North's High Court refuses stay on lawsuits against man alleged to be British spy Stakeknife

Civil actions brought against Freddie Scappaticci over alleged wrongdoings in IRA

Freddie Scappaticci denies that he was the agent codenamed Stakeknife. Photograph: PA/BBC

Freddie Scappaticci denies that he was the agent codenamed Stakeknife. Photograph: PA/BBC

 

More than 30 lawsuits against a west Belfast man accused of being Britain’s former top spy inside the IRA will not be put on hold until a major criminal investigation is completed, a High Court judge in Northern Ireland ruled today.

Mr Justice Horner refused to stay the civil actions brought over alleged wrongdoings by Freddie Scappaticci, who denies that he was the agent codenamed Stakeknife.

Scappaticci’s suspected activities while in charge of the IRA’s internal security unit are at the centre of an ongoing police inquiry into a series of murders, abductions and possible State misconduct.

Jon Boutcher, the former chief constable of Bedfordshire heading the Operation Kenova investigation, wanted the court to postpone all civil claims until his investigation and any related criminal proceedings are finalised.

The application was refused, however, due to potential ongoing delay and the entitlement to a fair and expeditious trial of the actions under Article 6 of the European Convention on Human Rights.

Mr Justice Horner pointed out that the alleged offences occurred up to 35 years ago. “Memories inevitably are fading, some of those involved in the litigation or those who will be important witnesses have died and some are not in good health,” he said. “Further substantial delay would affect both the nature of the witness testimonies available to the court and the quality of such testimony.”

Scappaticci (75) is facing a total of 32 separate lawsuits over his alleged activities as part of the IRA’s so-called “Nutting Squad”. He left Northern Ireland for a secret location in 2003 after being widely named as the agent Stakenife. Before quitting his home he vehemently denied that he was the prized British spy within the ranks of the republican movement.

In one case he is being sued, along with the Ministry of Defence (MoD) and the Police Service of Northern Ireland (PSNI), by Newry woman Margaret Keely. She alleged that she was wrongfully arrested and held at Castlereagh police station in 1994 following an IRA attempt to murder a senior detective in east Belfast.

Ms Keeley was released without charge, but claims she was then taken to a flat in the New Lodge area of the city and questioned by an IRA team. Scappaticci was one of the men who carried out two debriefing sessions, according to her account.

Operation Kenova

During the police application for a stay on the civil claims, the court heard Operation Kenova detectives are preparing files on more than 20 murders to be submitted to the Public Prosecution Service by the end of this year. Detectives believe they have uncovered evidence of criminal wrongdoing by both IRA and security force members.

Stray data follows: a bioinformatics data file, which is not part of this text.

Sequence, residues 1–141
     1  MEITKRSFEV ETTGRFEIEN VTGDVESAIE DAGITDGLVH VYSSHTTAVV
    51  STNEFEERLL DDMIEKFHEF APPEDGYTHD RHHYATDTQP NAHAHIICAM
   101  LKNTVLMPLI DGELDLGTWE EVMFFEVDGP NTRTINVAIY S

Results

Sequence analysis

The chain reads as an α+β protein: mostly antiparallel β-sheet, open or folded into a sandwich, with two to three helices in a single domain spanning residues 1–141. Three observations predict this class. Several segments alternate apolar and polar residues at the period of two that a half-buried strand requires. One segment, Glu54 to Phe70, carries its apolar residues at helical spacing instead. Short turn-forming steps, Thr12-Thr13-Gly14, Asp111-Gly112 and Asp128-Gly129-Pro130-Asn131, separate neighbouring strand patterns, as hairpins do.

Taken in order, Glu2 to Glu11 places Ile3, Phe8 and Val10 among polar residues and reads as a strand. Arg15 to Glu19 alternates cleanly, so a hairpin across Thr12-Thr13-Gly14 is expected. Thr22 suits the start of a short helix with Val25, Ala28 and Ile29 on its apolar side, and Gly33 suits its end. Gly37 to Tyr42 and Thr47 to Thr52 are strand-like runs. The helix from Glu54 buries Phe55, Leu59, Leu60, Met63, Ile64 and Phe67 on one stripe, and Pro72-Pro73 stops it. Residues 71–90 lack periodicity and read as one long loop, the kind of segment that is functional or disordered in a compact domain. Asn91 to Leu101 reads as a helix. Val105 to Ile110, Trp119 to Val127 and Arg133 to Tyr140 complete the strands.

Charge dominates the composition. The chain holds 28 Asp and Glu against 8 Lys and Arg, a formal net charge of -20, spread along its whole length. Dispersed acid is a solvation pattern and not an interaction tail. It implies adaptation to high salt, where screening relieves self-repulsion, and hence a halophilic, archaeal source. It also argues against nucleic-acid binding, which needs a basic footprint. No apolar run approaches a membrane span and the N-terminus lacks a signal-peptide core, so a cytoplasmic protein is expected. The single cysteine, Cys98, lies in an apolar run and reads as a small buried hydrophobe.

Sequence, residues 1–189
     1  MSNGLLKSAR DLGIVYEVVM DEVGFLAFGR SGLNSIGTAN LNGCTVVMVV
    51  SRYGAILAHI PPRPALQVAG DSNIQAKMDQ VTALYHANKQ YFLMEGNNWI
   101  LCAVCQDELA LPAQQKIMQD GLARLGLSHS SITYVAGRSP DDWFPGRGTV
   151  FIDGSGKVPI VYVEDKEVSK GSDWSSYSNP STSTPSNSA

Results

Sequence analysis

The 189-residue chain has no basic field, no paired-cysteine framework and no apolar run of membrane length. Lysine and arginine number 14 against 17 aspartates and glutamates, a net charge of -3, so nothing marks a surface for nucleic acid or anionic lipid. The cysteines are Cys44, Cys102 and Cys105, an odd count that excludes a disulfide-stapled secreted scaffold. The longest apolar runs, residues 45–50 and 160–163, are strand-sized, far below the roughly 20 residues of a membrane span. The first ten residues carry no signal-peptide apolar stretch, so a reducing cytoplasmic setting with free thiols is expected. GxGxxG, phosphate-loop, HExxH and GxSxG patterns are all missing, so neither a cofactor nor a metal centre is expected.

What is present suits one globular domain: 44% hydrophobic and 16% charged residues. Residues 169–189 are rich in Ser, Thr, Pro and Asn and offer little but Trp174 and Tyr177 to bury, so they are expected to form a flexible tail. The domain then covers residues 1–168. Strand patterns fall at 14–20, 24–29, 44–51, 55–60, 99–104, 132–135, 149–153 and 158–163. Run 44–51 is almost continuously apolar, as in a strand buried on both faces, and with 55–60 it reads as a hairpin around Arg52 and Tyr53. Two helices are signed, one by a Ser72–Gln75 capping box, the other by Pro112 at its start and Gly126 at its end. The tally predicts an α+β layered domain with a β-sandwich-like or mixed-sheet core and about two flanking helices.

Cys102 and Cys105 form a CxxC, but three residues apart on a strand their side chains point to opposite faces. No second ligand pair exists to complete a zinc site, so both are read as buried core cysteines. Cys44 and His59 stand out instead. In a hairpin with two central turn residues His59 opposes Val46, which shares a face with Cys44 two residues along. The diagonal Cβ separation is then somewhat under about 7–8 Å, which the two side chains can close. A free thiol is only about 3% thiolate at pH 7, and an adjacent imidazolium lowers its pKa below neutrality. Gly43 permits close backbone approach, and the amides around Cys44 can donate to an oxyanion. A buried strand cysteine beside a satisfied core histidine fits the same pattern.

Fears were expressed that it could have a “chilling” effect on co-operation from victims and witnesses if material is disclosed during the civil litigation.

Terrorist organisations are still actively trying to prevent the prosecution of their members, as well as identifying those who may assist with the ongoing inquiries, the court was told.

An affidavit from Mr Boutcher disclosed that his investigation team are processing: 20 murder cases involving 21 victims; 19 abduction cases involving 20 alleged victims; category-two cases involving 16 persons of interest in State misconduct cases; and a perjury case. Decisions are also to be taken on 27 suspects named in files already sent to the prosecution service.

With the Operation Kenova team yet to finalise two further batches of files relating to eight murders and four abductions, it was contended that the integrity of the investigation is at stake. They argued that closed material proceedings – so-called secret court hearings – could deal with any concerns over sensitive documents and avoid further delay.

Progress

Rejecting the application for a stay, Mr Justice Horner said it was imperative that some progress is made in all of the civil claims. He set out the way forward, including a case management hearing next month and directions for the parties to try and reach agreement on how to progress the claims.

Solicitors for those taking civil action against Scappaticci welcomed the court’s decision. Claire McKeegan, who represents Ms Keeley, said her client was relieved and reassured that a case initiated in 2008 will finally progress to trial.

Ms McKeegan claimed: “She was kidnapped and tortured by an agent of the State, Frederick Scappaticci, and deserves to get justice and accountability at long last. At every turn the PSNI and MoD have attempted to delay these cases being heard in open courts.”

Setanta Marley of KRW Law described it as a step towards closure for some of those affected by the Troubles. He said: “It’s a massive boost for all those families and many others taking legal action, alleging IRA-State collusion, and it’s a timely reminder to the Government that the courts will take all steps to protect and advance their right to litigate on the conflict.”